Oliver admits he mostly remembers Kenny Everett because ‘my dad looked exactly like him when I was little’.

He explains: ‘I was a bit young to be watching his TV show but he is so iconic, he stuck in my head, and as soon as I heard about the biopic I knew his would be an incredible story to tell.

‘When I started watching footage for the audition I began to realise how groundbreaking he was in the medium of broadcast; what he did for radio is extraordinary. And then he did the same for TV.

‘Watching his show now, it still holds up. It's a cliché but he really was ahead of his time. He had a real desire to push things forward.

‘We talk about the golden age of comedy and classic comedy but Kenny Everett is more like this generation. He is rebellious without ever attempting to rebel. He is so original, so anarchic and chaotic and full of this electric energy.’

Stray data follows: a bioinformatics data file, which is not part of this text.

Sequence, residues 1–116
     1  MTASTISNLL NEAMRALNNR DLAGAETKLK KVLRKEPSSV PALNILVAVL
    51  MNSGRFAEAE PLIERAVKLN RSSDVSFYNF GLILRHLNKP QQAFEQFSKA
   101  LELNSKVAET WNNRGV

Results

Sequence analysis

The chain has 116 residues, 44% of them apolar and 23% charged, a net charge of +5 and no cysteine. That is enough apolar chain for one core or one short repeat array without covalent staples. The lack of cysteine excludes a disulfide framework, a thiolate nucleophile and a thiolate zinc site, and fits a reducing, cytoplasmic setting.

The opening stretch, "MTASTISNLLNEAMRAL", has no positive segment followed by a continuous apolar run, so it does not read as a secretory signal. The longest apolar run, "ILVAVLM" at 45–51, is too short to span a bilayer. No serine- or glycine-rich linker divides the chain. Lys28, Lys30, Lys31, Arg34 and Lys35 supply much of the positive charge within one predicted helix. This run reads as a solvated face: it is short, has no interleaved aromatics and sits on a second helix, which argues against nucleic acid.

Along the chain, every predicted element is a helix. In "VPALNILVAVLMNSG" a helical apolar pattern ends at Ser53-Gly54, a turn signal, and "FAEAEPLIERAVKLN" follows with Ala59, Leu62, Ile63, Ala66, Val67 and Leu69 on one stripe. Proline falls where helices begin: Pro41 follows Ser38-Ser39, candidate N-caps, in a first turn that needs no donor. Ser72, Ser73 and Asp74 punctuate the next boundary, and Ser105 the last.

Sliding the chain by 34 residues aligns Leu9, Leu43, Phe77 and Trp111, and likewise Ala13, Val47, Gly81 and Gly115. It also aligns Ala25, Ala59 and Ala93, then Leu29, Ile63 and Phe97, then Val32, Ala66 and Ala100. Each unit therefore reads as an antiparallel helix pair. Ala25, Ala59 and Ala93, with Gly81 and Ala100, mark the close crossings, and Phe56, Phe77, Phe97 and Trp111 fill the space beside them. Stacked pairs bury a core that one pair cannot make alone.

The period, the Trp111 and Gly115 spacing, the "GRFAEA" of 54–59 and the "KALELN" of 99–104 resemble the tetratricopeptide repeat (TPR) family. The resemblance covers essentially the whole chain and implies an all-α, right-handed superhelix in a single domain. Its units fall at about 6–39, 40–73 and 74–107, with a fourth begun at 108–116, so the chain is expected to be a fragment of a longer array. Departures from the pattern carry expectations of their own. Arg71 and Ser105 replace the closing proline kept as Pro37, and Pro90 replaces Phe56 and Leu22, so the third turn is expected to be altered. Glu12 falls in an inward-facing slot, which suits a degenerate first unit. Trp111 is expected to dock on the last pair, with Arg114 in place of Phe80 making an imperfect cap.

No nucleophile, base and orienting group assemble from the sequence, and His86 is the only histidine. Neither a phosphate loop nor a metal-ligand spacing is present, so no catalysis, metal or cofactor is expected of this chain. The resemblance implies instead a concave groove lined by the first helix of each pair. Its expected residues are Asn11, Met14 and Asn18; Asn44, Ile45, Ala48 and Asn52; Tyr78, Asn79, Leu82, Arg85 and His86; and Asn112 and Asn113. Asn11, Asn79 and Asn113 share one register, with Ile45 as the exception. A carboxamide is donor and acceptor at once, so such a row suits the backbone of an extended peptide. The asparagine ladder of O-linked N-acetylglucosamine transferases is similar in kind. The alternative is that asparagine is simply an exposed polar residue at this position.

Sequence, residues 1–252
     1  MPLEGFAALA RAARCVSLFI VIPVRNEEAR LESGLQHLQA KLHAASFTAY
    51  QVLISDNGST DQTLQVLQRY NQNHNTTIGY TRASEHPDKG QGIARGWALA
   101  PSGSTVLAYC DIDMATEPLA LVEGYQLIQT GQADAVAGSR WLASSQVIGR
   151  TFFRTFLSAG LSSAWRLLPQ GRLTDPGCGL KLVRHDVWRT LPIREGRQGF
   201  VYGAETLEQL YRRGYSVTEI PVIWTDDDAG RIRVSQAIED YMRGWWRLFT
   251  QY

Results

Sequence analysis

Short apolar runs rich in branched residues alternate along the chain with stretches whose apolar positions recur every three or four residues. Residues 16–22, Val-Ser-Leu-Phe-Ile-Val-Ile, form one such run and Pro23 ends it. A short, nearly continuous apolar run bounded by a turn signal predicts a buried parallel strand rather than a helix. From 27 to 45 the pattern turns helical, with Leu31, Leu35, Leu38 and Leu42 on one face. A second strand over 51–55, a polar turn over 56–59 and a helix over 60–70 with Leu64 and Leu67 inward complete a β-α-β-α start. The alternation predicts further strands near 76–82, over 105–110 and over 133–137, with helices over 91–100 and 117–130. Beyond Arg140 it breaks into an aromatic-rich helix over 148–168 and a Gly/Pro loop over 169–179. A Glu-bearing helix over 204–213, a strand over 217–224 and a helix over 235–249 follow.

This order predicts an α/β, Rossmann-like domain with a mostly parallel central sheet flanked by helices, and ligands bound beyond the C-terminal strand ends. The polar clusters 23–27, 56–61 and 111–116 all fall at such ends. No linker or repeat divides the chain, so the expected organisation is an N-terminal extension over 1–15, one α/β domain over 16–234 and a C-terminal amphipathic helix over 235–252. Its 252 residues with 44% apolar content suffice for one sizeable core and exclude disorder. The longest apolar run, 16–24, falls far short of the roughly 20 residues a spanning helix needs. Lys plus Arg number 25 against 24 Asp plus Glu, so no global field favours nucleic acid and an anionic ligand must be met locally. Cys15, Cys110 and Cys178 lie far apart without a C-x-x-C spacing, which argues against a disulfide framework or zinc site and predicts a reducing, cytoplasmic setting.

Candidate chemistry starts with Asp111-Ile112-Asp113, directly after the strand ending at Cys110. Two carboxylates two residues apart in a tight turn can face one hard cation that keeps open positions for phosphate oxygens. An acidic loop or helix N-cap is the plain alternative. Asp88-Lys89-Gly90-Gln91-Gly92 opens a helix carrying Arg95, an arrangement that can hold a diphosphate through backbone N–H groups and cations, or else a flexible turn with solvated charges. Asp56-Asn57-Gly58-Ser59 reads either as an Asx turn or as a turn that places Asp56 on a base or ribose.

And Oliver needed plenty of that energy to tackle the costumes changes on the biopic. ‘The last two days of filming were crazy. I was Verity Treacle, Angry of Mayfair, Sid Snot, all three Bee Gees, Quentin Pose, Marcel Wave…it was hilarious, there would be someone taking off my wig and a person pulling off each leg of my tights because each costume change had to be so quick. I was like a kid in a dressing up box.

‘We filmed one scene at Camber Sands so there was me wandering along a beach in high heels and fishnets, all manner of different undergarments, a beard and a pair of giant fake boobs. That was a first, but then I had a lot of firsts on this job.

‘My favourite character was probably Cupid Stunt because she's such fun to play, but the giant hands of Brother Lee Love were tremendous. Everyone on the crew had their photo taken wearing them and I desperately wanted to take them home!’